Original U.S. Springfield Trapdoor Model 1884 Rifle Marked to 25th Infantry Regiment "Buffalo Soldiers" - Serial 544516
Original Item: Only One available. The U.S. breech loading Springfield "trapdoor" rifle was introduced in 1873 in .45-70 caliber. Basically it was the rifle the U.S. Army used to open the West and Springfield trapdoor carbines were used by Custer's Cavalry at the massacre at The Little Big Horn. This example has the breech block marking:
In 1884 the integral Round Rod Bayonet was introduced, which could double as a cleaning rod, a development that met with very limited success. It was finally replaced in 1892 with the .30-40 caliber Krag bolt action magazine rifle. Model 1884 rifles saw service in the Spanish American War. The regular army was issued the new Krag rifles and the guard units received the trapdoor. There are a number of stereopticon pictures that show guard units armed with of 1884 rifles.
The Model 1884 round rod bayonet rifle was Springfield's third attempt at a rod bayonet system on a trapdoor rifle. They had used the triangular rod system on the Model 1880 and some Model 1882 rifles. The Model 1884 RRB rifle utilized a different, but no more reliable mechanism for retaining the rod. Because the small locking "fingers" are not clearly visible, the gun has been nicknamed "flatlatch."
Offered in good collectible condition is this trapdoor rifle in 45-70 government caliber. Serial #544516 indicates manufacture in 1892, which technically makes it a model 1888 according to some sources. This rifle has all of the gradual "updates" that were made to the original design. The left side of the stock bears a partially legible government inspector SWP / 1892 cartouche, indicating final inspection in the same year. Original metal finish is still good, with a lovely oxidized patina on most areas.
Hardware is in very good condition, with no signs of structural issues, and the original finish well retained. The bore however is dark, showing little sign of the original rifling. This was a black powder gun, and after use must have not been cleaned. It was then left to sit, and the exterior and interior of the barrel suffered oxidation over the years. The cleaning rod / bayonet is in good shape, with intact threads, and a nice blued finish. Another nice feature on this example is the butt stock tool compartment, which is covered by a rotating door on the butt plate. This was used to store the take down tool and stuck cartridge extractor. Unfortunately this compartment is empty.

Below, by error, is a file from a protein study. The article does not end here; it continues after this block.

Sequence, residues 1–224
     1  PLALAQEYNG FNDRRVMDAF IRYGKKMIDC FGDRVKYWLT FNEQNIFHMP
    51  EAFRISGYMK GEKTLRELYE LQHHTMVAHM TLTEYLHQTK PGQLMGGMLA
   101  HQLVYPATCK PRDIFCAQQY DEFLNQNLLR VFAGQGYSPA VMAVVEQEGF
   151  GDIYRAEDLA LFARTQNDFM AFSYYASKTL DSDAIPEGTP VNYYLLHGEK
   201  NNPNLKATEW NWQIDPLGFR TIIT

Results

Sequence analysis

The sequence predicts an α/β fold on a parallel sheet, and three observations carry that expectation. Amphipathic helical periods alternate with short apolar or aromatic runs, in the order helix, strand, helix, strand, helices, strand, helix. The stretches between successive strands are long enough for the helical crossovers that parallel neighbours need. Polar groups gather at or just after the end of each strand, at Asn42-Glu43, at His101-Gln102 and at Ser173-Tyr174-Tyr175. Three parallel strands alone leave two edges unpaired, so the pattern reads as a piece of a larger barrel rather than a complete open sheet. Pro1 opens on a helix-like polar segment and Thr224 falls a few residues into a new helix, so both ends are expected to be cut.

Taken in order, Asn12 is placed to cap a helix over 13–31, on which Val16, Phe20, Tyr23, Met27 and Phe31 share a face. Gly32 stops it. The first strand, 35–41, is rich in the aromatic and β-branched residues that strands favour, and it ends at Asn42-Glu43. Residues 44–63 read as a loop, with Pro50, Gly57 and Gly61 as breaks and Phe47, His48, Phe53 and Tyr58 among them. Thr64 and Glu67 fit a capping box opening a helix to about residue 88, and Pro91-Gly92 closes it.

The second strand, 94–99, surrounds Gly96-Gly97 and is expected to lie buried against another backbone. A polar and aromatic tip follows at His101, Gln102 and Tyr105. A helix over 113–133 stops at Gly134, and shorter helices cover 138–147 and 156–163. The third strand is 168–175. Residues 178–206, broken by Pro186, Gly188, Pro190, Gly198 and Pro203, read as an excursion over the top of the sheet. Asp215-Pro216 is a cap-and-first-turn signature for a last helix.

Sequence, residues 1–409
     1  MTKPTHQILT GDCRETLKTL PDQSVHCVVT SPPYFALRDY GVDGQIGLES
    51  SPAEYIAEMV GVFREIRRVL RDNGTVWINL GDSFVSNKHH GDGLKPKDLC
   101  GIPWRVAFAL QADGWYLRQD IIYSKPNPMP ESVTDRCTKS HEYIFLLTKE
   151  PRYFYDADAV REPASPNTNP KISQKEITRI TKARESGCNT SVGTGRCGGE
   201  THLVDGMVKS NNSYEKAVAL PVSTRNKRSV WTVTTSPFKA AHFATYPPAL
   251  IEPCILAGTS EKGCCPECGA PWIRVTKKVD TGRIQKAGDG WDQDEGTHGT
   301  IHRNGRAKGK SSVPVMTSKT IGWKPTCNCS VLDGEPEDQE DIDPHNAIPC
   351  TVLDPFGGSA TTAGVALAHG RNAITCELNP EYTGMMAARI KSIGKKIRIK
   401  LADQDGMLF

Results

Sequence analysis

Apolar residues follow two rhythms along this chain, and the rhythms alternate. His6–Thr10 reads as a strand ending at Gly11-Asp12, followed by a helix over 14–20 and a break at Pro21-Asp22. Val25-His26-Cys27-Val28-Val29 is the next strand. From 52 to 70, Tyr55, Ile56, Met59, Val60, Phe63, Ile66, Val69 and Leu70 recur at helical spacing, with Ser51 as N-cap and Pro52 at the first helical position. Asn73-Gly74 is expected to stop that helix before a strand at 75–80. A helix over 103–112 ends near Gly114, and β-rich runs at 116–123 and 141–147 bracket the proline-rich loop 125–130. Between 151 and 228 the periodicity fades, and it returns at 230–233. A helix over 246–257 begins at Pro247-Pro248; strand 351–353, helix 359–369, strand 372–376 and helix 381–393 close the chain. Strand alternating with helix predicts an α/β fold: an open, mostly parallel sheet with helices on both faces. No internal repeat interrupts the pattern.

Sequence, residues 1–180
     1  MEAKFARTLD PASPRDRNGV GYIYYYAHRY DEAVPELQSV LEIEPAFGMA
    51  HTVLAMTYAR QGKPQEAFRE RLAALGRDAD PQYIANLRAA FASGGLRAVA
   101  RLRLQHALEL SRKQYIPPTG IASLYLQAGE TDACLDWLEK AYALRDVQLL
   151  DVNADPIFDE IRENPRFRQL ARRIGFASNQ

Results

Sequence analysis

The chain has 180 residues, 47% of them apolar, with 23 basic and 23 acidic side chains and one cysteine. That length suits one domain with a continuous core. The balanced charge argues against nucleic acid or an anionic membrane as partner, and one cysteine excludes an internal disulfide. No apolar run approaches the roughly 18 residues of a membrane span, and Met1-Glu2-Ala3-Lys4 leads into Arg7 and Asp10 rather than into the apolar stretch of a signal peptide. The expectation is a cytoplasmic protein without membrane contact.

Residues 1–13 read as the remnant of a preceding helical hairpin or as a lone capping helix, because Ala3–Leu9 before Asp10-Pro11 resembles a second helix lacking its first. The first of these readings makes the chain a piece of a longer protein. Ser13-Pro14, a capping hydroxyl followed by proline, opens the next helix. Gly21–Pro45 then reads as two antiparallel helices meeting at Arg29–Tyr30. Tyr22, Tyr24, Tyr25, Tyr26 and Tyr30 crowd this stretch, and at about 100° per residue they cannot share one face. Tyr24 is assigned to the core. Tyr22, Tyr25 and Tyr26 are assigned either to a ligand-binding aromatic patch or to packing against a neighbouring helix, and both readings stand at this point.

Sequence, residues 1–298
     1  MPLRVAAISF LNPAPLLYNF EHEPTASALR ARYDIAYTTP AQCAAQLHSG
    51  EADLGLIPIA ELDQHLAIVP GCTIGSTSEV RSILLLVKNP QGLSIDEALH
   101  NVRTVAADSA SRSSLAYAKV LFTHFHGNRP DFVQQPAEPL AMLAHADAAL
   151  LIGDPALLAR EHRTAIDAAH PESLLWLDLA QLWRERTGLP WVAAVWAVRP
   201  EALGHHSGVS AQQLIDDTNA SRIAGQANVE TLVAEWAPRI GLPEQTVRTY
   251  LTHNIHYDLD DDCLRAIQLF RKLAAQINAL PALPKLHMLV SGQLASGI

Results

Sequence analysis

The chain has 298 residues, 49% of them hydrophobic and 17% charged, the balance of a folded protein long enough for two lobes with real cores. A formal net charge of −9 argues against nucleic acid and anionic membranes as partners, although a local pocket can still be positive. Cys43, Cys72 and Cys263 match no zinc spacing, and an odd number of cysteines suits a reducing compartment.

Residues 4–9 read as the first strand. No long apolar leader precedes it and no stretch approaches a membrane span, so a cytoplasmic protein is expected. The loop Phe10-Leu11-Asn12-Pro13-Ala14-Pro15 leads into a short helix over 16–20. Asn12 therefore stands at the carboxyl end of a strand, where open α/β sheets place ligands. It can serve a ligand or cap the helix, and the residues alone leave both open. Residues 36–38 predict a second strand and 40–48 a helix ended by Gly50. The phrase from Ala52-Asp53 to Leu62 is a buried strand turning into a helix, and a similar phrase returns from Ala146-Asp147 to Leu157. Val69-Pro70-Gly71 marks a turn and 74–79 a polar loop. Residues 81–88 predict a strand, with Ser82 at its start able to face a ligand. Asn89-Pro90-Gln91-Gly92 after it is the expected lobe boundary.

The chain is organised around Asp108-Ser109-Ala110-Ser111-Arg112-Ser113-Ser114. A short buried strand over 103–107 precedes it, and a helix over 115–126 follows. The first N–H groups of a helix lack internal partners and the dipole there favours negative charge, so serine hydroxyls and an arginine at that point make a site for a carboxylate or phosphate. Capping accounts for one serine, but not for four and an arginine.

The stock is in very good condition, and is still fully proud over the lock plate, indicating the stock has not been worn down or reconditioned. There are a few dents and small chips from service, but it's got a lovely red brown color and patina, only achieved from decades of use and cleaning and polishing. The stock cartouches are both present and crisp. The butt plate is marked U.S. and both barrel bands are U marked.
The butt plate is also marked with a fantastic regimental marking: 35 / 25TH, indicating issue to the U.S. Army 25th Infantry Regiment, an African-American unit formed in 1866. The Twenty-fifth United States Infantry Regiment was one of the racially segregated units of the United States Army, often called "Buffalo Soldiers". It served from 1866 to 1957, seeing action in the American Indian Wars, Spanish–American War, Philippine–American War and World War II.
The companies of the 25th Regiment were distributed across a number of small west Texas posts, including Forts Bliss, Clark, Davis, and Stockton in the 1870s. The 25th was posted along the Mexican border in Texas and New Mexico for the next ten years, providing border security, building roads and telegraph lines, and on occasion participating in operations against Indian bands. In 1878, a detachment entered Mexico on a punitive expedition. In 1880 the 25th was transferred to the northern Great Plains, operating mostly in Dakota Territory, Montana and Minnesota. In Minnesota the 25th garrisoned at Fort Snelling. Elements of the 25th took part in the last major Indian campaign, the Pine Ridge Campaign of 1890–91.